Russian hackers affiliated with the National Republic Army (NRA) have released 1.2 terabytes of sensitive Russian data. This includes information concerning Russia’s key national security infrastructure, blueprints for cyber security strategies and other related data. Kyiv Post was given exclusive access to the trove, which is made public here for the first time.

As reported on Oct. 18, a group of hackers identifying themselves as being connected to the NRA – a loose association of Russians seeking the overthrow of Vladimir Putin’s regime – contacted Kyiv Post. They claim to have hacked Technoserv and nearly a dozen other companies providing national security and defense contracting services for Russia.

As of Oct 18, the hackers had only released a sample of the stolen data but have now made the data open to the public.


As Kyiv Post previously reported, Technoserv is owned by brothers Dmitry and Alexei Ananyev. A 2022 article in the The Belfast Telegraph reported that the brothers also own Promsvyazbank, stating: “According to UK Government sources, [the bank] now services 70 percent of state contracts signed by Russia’s defense ministry and is a ‘pivotal bank’ for the country’s military industrial complex.”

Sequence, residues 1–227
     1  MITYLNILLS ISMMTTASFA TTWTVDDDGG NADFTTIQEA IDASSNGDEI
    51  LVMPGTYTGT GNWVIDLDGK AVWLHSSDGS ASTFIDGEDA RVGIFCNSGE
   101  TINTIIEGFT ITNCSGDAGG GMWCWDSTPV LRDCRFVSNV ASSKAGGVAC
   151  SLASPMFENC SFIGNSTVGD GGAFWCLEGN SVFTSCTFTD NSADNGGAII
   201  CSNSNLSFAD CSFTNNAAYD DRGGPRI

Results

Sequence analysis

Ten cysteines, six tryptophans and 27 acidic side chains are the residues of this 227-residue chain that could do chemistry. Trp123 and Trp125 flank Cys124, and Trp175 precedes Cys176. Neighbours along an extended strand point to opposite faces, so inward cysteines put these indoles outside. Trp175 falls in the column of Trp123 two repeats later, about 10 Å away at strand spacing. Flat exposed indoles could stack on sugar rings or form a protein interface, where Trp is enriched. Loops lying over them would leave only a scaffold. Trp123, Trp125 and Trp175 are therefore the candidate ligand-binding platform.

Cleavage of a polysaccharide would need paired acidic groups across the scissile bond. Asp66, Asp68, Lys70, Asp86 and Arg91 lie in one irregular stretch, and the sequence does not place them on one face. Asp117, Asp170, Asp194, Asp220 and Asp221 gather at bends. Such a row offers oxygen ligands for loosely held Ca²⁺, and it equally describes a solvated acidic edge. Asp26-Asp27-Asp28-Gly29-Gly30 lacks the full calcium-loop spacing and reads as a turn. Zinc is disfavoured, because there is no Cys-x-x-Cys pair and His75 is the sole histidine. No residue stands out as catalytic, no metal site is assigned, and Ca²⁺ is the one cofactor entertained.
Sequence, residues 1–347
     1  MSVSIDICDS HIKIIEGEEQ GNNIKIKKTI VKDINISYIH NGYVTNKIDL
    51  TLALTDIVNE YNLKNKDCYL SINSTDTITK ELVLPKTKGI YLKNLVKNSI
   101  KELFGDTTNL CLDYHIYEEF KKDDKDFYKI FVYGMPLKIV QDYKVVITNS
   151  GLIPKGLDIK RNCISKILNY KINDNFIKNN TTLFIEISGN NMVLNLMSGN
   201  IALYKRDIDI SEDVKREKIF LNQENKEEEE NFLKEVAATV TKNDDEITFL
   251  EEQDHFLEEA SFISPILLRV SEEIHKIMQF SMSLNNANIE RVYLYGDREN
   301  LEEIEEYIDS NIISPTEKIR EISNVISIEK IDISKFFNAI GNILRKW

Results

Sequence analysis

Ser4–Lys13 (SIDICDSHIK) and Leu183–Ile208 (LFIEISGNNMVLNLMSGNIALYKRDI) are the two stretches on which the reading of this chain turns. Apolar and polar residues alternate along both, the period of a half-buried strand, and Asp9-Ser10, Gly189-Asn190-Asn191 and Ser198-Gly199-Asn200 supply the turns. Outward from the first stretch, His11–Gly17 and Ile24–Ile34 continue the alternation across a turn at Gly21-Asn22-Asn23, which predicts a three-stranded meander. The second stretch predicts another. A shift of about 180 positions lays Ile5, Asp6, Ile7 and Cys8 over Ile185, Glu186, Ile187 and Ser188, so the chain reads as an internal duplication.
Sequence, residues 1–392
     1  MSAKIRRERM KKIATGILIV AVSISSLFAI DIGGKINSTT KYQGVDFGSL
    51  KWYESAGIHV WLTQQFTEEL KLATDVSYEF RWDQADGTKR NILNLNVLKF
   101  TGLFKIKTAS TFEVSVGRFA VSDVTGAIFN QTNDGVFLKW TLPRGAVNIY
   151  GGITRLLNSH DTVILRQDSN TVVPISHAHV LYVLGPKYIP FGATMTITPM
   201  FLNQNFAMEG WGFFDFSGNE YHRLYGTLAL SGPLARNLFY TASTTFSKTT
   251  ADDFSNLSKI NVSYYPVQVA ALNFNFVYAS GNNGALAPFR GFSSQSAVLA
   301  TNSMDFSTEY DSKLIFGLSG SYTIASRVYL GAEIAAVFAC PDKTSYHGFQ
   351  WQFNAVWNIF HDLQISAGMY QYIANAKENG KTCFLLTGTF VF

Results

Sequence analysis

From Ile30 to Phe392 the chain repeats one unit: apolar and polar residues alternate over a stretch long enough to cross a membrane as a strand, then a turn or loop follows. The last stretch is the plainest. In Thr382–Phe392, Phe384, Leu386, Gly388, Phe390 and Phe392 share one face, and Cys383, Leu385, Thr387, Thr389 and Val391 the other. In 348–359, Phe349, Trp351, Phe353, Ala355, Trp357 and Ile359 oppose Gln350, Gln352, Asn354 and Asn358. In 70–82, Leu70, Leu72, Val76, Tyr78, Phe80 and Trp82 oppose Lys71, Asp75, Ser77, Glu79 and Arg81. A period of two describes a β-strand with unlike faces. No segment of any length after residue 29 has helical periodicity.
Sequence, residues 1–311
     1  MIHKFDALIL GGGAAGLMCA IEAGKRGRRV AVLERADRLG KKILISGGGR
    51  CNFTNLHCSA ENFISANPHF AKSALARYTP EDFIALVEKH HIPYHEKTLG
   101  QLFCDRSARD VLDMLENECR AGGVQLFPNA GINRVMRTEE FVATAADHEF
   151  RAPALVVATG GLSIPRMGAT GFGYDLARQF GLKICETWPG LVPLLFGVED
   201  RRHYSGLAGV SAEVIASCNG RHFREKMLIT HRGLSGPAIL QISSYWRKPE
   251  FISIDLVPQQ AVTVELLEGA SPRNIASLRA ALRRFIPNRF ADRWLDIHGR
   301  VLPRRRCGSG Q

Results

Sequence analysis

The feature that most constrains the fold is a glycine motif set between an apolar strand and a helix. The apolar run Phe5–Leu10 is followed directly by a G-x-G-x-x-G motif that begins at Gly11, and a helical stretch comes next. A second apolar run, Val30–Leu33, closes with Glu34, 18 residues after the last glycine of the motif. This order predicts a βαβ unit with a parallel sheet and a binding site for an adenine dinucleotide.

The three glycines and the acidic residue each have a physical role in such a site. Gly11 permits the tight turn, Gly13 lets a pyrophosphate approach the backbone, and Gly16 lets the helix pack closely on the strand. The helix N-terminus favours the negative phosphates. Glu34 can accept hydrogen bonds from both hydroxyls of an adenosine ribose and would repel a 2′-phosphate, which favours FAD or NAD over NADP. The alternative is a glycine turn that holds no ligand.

A Russian IT expert familiar with the Russian Government’s IT infrastructure described Technoserv as “the people who are the architects of the Russian Government.” The source had earlier told Kyiv Post that the hack would likely indicate “access to the architecture networks, databases, cloud solutions, and other information that is of key importance to the Russian Government.”

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The General Staff of the Armed Forces of Ukraine has yet to comment on this information.

Early on Oct. 19, Kyiv Post was once again contacted by the NRA-affiliated hackers who said that they had just released the entire 1.2 terabyte data trove. Using “The Onion Router” (TOR) technology, the data can be accessed here.

Neither Kyiv Post nor its correspondent can verify the vast quantity of data. However, these types of large data dumps have historically proved to be legitimate.



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